Niger: inflexible, the junta plays with mediation and reinforces its isolation

It took Washington two and a half months to formally qualify General Abdourahamane Tiani's takeover of power on July 26 in Niamey as a putsch

Niger: inflexible, the junta plays with mediation and reinforces its isolation

It took Washington two and a half months to formally qualify General Abdourahamane Tiani's takeover of power on July 26 in Niamey as a putsch. “The United States has concluded that a military coup has occurred in Niger,” State Department spokesperson Matthew Miller said in a statement released Tuesday (October 10). An official designation which results, in accordance with American law, in the end of aid provided to the country concerned. In this case, the suspension of 442 million dollars (around 417 million euros) in economic assistance.

The American military presence in Niger – a thousand soldiers are deployed there, mainly on the Agadez base (north), which constitutes an important hub for American military intelligence in the Sahel – is not currently called into question. , unlike that of France, whose departure of soldiers, demanded by the junta, began on Tuesday, according to the French general staff. According to an official American source, United States intelligence operations, mainly conducted by its drones from Agadez, will continue.

For the moment, Washington's announcement should "not have a fundamental impact on the military and operational level for the United States, since in the wake of the coup, Washington had already suspended its cooperation in matters of combat counterterrorism and its military assistance to the Nigerien armed forces,” notes Andrew Lebovich, American researcher specializing in the Sahel at the Clingendael Institute of International Relations, in the Netherlands.

The “fetters” of the United Nations

But Washington's announcement demonstrates the difficulty of the international community in bringing about a junta which has not compromised on anything since coming to power. A position which precipitated the isolation of the military but also allowed them to establish their legitimacy among the population in a region plagued by jihadism and where coups d'état have followed one another since 2020. "Over the last two months, we have exhausted all possible avenues to preserve the constitutional order in Niger" and "over time, it became clear [that the putschists] did not want to respect the constitutional rules", conceded Matthew Miller, Tuesday, in front of the press.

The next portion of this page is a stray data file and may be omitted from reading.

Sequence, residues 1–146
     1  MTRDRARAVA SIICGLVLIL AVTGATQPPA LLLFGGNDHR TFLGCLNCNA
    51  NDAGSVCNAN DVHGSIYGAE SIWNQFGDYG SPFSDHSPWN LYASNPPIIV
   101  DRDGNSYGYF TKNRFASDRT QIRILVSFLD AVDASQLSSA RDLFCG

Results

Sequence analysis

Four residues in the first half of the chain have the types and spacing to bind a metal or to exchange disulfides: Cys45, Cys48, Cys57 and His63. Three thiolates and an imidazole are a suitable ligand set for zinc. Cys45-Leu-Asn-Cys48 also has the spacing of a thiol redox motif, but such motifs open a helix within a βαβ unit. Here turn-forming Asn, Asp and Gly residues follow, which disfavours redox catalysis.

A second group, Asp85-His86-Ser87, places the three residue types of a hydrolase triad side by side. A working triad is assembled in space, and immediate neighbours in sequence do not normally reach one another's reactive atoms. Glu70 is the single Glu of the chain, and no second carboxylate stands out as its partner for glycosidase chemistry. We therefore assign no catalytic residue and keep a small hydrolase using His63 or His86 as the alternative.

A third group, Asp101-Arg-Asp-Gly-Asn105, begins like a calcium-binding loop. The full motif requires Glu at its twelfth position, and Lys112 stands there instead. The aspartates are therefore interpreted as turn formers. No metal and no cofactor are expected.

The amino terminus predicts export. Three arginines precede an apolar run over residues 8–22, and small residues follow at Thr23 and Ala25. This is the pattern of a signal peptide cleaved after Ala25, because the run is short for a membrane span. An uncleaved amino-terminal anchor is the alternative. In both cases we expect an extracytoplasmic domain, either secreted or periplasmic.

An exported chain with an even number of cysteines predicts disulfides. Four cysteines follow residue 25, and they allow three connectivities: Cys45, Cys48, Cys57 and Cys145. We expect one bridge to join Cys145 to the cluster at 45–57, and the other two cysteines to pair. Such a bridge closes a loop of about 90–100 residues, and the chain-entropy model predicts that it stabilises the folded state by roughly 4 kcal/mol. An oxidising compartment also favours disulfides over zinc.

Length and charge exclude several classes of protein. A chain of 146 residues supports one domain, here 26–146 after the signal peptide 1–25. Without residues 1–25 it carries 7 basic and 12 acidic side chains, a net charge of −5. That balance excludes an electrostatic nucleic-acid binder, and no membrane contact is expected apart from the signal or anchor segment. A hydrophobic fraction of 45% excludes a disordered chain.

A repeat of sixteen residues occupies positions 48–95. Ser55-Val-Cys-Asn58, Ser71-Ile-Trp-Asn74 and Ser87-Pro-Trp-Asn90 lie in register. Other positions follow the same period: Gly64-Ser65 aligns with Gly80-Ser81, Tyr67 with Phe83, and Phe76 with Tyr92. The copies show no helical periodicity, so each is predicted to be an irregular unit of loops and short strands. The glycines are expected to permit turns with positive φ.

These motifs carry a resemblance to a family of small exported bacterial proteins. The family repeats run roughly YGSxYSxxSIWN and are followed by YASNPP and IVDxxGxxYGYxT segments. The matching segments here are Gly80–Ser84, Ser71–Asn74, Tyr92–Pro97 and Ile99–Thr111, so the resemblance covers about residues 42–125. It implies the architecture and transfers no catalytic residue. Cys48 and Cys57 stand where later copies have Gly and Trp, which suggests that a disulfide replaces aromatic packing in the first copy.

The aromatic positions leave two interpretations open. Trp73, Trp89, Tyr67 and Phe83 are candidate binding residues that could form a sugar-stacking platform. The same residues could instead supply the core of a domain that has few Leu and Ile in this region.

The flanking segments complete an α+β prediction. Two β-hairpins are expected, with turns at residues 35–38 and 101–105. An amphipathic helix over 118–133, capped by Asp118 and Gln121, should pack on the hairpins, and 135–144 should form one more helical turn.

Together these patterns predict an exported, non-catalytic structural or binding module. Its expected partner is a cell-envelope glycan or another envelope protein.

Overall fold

This inflexibility was further demonstrated on Wednesday, when the military regime ordered the UN coordinator in Niger, Canadian Louise Aubin, to leave the country within three days, denouncing in particular the "obstructions" of the United Nations to its international recognition. And in particular the refusal of UN Secretary General Antonio Guterres to let Bakary Yaou Sangaré, the Nigerien Minister of Foreign Affairs, speak at the 78th general assembly of the organization in September in New York.

Unlike her French counterpart, who was also ordered to leave, Kathleen FitzGibbon, the American ambassador to Niamey – whose arrival in the capital after the putsch was badly received by Paris, which considered that this amounted to granting a form of recognition to the junta –, is maintained in her post and remains, according to the official American source, “engaged in informal discussions with the leaders of the CNSP [National Council for the Safeguarding of the Fatherland, the name of the junta]”.

Very invested in the Nigerien issue, Washington has always opposed the regional military intervention planned by the Economic Community of West African States (ECOWAS), preferring to plead for the establishment of a short transition in the hope of freeing the elected president, Mohamed Bazoum. A line which was close to that defended by Algeria. The latter had offered to mediate to resolve the crisis, an initiative accepted by the Niamey authorities at the end of September.

Algiers awaiting “clarifications”

But Algiers also ended up throwing in the towel. While its Minister of Foreign Affairs, Ahmed Attaf, was to go to the Nigerien capital to discuss with the CNSP, the Algerian government announced Monday, in a press release, "to postpone the initiation of the planned preparatory discussions until the 'obtaining clarifications' from the junta, specifying that they had not managed to agree with it on 'the program and content of this visit'.

At issue: the refusal of the Nigerien military to accept as a basis for discussion Algiers' proposal for a six-month transition led by a civilian. A project undoubtedly too far from the ambitions of the junta, which General Tiani had detailed on national television on August 19: a transition which “could not go beyond three years” and whose duration would be determined at the end of an inclusive national dialogue.

Algeria, which was the first country to loudly voice its opposition to regional military intervention for fear of a new deadly conflict on its borders (after Libya and northern Mali), knew that it could count on support from the United States. On August 10, Ahmed Attaf flew to Washington to meet his American counterpart, Antony Blinken. The next day, the American ambassador to Algiers, Elizabeth Moore Aubin, underlined “the perfect understanding in the positions expressed by the two countries” during an interview given to the private channel Ennahar TV: “Dialogue is essential,” said She. Today it seems almost impossible.